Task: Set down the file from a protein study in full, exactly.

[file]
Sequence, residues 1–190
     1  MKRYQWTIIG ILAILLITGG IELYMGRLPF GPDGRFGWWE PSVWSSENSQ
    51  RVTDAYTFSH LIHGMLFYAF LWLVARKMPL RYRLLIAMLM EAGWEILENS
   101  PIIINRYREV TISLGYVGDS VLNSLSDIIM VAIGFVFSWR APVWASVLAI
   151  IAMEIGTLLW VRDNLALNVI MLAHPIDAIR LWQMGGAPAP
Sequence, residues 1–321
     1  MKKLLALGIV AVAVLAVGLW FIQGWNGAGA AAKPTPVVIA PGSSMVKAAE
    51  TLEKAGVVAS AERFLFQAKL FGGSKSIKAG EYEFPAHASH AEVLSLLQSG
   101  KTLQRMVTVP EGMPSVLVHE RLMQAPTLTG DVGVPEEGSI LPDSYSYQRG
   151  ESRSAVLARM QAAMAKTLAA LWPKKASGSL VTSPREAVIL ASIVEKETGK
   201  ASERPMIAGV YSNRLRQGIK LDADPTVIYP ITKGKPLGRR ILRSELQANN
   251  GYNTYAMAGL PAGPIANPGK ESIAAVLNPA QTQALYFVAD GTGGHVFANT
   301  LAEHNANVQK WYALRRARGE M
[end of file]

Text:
Sequence, residues 1–190
     1  MKRYQWTIIG ILAILLITGG IELYMGRLPF GPDGRFGWWE PSVWSSENSQ
    51  RVTDAYTFSH LIHGMLFYAF LWLVARKMPL RYRLLIAMLM EAGWEILENS
   101  PIIINRYREV TISLGYVGDS VLNSLSDIIM VAIGFVFSWR APVWASVLAI
   151  IAMEIGTLLW VRDNLALNVI MLAHPIDAIR LWQMGGAPAP
Sequence, residues 1–321
     1  MKKLLALGIV AVAVLAVGLW FIQGWNGAGA AAKPTPVVIA PGSSMVKAAE
    51  TLEKAGVVAS AERFLFQAKL FGGSKSIKAG EYEFPAHASH AEVLSLLQSG
   101  KTLQRMVTVP EGMPSVLVHE RLMQAPTLTG DVGVPEEGSI LPDSYSYQRG
   151  ESRSAVLARM QAAMAKTLAA LWPKKASGSL VTSPREAVIL ASIVEKETGK
   201  ASERPMIAGV YSNRLRQGIK LDADPTVIYP ITKGKPLGRR ILRSELQANN
   251  GYNTYAMAGL PAGPIANPGK ESIAAVLNPA QTQALYFVAD GTGGHVFANT
   301  LAEHNANVQK WYALRRARGE M